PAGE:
Today I got to practice my first rule: If you can’t be nice on my profile, I’m going to delete your comments and block you. That was liberating.
So the comment was about how the person felt that “body shows” were degrading and didn’t understand how I could feel empowered by participating especially when the poses are suggestive and I have to wear “stripper” heels.
Well. Here’s my take.
The level of competing I participate in is bikini, this is the lowest level of bodybuilding and is the most attainable. For women, the next levels of bodybuilding are: fitness, figure, physique and bodybuilding. Each one requires more muscle than the last and bikini, fitness, figure/physique/bodybuilding require different suits. Bikini and figure require heels to be worn while the upper levels don’t. Wearing heels help accentuate the muscular definition in the lower body without flexing. In my opinion, from what I’ve read the judges are looking for symmetry or balance, fullness and some curves for bikini competitors. As the levels become more muscular they continue to look for balance and fullness, but more about the definition of the muscles over curves. This also is why the poses for bikini to figure to physique and bodybuilding are so different.
Now, for the men because the comment doesn’t mention much about if it’s degrading to men. Men’s physique is essentially the most attainable for their gender. They wear board shorts and go barefoot – personally I would love to see a man walk in heels, but the point of this level is upper body. How do their latissimus dorsi look? Oo that’s a sexy word. How full are their biceps and how defined are their abs. Their poses are to help accentuate these features. If you look at higher levels such as bodybuilding you’ll see men in speedo-esq suits that barely cover their glutes and they equally do a back pose to flex and show off the definition of these muscles.
Now, do I think it’s degrading or empowering?
Below is the definition of degrading, in case you wanted to know.
It definitely seems very subjective and very personal. I don’t think this is degrading, if it was I wouldn’t be participating. What I think makes it appear degrading is the lack of understanding and knowledge of the sport – why women AND men do various poses for the different levels. Why each has a different suit or costume – whatever you want to call it. Similar to a beauty contest, which I personally have no interest in – long dresses and heels are asking for disaster when combined – presentation of yourself is important. If you look miserable, why would you place well or win? So yes, I may bounce slightly as I turn, but I make sure that my poses are helping me show of the hard work I’ve put in. I’ve worked hard for this booty and I purposely want the world to see it.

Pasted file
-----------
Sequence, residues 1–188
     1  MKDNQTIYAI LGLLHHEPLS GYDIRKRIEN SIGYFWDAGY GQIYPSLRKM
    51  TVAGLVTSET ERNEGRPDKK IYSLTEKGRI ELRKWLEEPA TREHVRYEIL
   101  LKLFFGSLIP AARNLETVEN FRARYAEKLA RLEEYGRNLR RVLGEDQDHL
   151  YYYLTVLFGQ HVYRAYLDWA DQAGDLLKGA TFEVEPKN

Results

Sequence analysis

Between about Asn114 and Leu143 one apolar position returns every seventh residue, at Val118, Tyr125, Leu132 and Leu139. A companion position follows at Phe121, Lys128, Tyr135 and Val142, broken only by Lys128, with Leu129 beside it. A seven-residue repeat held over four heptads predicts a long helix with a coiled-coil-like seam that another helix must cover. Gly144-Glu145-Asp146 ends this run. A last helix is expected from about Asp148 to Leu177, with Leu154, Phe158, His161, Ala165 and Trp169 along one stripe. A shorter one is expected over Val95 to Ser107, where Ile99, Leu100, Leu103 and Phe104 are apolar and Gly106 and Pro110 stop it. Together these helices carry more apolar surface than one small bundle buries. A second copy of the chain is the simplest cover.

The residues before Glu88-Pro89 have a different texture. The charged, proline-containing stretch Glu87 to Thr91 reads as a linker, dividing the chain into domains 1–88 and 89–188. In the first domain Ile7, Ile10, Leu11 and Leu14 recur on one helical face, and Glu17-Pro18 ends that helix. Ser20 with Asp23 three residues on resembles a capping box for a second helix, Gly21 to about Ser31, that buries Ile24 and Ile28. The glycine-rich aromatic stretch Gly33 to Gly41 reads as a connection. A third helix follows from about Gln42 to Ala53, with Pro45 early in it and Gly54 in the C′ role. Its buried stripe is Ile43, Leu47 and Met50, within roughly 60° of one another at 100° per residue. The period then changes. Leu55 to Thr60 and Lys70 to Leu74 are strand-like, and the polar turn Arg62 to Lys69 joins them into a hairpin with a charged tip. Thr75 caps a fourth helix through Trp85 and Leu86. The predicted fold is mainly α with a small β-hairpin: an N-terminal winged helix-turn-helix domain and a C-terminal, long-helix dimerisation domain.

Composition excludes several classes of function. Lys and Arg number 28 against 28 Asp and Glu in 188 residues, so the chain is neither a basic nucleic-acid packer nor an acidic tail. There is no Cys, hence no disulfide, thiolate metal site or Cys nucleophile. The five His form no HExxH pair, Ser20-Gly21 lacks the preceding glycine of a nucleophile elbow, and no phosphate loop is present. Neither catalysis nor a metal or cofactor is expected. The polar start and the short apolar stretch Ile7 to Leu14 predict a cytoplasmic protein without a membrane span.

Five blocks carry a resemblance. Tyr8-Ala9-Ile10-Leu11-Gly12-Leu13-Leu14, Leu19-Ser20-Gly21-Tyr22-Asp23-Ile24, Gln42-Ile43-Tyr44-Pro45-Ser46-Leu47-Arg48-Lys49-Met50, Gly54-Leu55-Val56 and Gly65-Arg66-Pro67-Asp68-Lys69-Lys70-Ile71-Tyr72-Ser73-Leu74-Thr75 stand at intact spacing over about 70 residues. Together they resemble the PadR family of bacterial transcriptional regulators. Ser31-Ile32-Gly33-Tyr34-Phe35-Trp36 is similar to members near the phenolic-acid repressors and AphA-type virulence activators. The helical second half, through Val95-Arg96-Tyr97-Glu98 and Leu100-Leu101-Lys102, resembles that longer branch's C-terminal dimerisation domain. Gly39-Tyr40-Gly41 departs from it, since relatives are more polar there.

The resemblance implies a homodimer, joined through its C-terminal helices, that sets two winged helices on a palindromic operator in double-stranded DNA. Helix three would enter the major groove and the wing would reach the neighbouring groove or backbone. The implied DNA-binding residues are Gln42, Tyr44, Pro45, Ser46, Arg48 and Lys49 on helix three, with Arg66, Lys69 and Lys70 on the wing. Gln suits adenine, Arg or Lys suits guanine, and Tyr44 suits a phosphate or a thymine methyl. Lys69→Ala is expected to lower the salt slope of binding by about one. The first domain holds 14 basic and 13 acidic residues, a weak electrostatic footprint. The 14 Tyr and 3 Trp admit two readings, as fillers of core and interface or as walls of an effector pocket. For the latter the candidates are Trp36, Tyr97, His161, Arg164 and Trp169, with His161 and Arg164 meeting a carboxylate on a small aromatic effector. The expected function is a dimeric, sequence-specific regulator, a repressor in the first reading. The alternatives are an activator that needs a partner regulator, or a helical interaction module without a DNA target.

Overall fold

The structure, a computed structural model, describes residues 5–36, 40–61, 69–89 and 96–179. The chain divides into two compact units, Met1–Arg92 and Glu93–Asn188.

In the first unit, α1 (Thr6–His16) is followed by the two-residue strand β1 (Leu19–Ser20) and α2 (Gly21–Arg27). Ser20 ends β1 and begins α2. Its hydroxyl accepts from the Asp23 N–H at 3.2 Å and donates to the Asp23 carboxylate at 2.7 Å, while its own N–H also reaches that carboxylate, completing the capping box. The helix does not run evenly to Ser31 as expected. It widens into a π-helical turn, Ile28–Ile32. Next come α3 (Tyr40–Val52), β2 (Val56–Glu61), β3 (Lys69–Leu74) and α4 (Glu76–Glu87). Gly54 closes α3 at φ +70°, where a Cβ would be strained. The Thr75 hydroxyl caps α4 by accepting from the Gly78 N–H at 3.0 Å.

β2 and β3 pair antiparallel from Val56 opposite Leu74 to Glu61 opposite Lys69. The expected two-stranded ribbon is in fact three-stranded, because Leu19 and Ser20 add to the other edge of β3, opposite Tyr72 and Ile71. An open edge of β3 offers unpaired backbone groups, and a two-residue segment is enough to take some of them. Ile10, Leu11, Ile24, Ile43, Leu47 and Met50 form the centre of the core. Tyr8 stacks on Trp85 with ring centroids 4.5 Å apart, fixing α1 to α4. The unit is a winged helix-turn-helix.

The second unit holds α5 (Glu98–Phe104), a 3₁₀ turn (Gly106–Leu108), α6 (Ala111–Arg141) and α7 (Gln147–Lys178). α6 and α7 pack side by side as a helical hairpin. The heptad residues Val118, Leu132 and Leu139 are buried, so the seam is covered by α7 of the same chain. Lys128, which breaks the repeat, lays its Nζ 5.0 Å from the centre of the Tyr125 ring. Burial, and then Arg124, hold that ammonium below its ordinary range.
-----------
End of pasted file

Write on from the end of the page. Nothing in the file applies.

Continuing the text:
Now here’s the definition of empower.
I believe this sport is empowering, not necessarily for the 15 seconds I get on stage, but for the 12 weeks, 17 weeks, 22 weeks that have lead up to those 15 seconds. Don’t get me wrong, I emailed three friends, texted JP and asked a coworker before I ordered my suit on Monday because nothing is more exciting and nerve racking than getting the colors right. That suit color can make you feel good especially when you have your hair and make up done up in a way that you never believed possible, but it’s the discipline for proper nutrition (for this sport) and training that makes you feel on Cloud 9.
In my first prep, I not only taught myself how to lift, macro count and design workouts, but I went from lifting 25 pounds in a back squat to 125 pounds. I lost 24 pounds over 22 weeks, went from a size 8 to a 6 and never hit below 1500 calories daily during prep. I didn’t feel like I was overworking or under-eating. I learned everything I could about the sport. It gave me a new appreciate for what my body was capable of and I had a new perspective of exercise. I had broken all the myths I believed about lifting and women in one summer.
In my second prep I hit a new personal record of 165 for a back squat at my lowest weight at the time of 130 pounds – 35 pounds over body weight for 3 full sets of 5. My sprint was the fastest it had been at the time of 7:50/mile. I learned how to fuel my body and push my macronutrients through volume foods. I learned new recipes and gained even more confidence by openly talking and showing off my loose skin. I lost 20 pounds over 17 weeks and was the lowest weight I had been in almost eight years. I also set myself up for a successful tummy tuck, which lead to a successful recovery.
In between my second prep, surgery and surgical recovery I have learned how to maintain my weight without large amount of cardio a week, but by eating enough for my body and varying my lifting. Today I am nine weeks post surgery and my back squat is comfortably at 145 for full sets, pushing it at 150 and I hope over the next few months to get back to 165 and then break that PR.
Through my second prep for the Cutler Classic I learned how to trust someone else. I had coached myself through my first prep and was hesitant to have a coach for my second, but having had worked with Alaina Sanders for three months prior to the start of prep, I felt like she would have the best of intentions. I have trust issues and she helped me see that there are people out there willing to work with you, not against you. There are people who will support you and help you figure out the next step.
Since having surgery, I am now at my lowest weight on this journey and I have been maintaining it for 7 weeks (since being cleared to go back to the gym). At 127.6 pounds and a size 0, I’m getting ready for my third prep (starts Sunday!). I can’t wait to see what my body can handle as far as weight because a new PR sounds fantastic. I also can’t wait to see the science experiment that is refeeds. I’m maintaining at a higher caloric rate, which means I’ll be able to cut at a higher caloric rate. It’ll be new to me to eat this much and lose weight without over doing it in the gym.
The weeks leading up to the show remind you that you can do anything if you work hard and put your mind to it. They also show you that as long as you’re willing to learn you will be successful even if you don’t walk away with a piece of metal.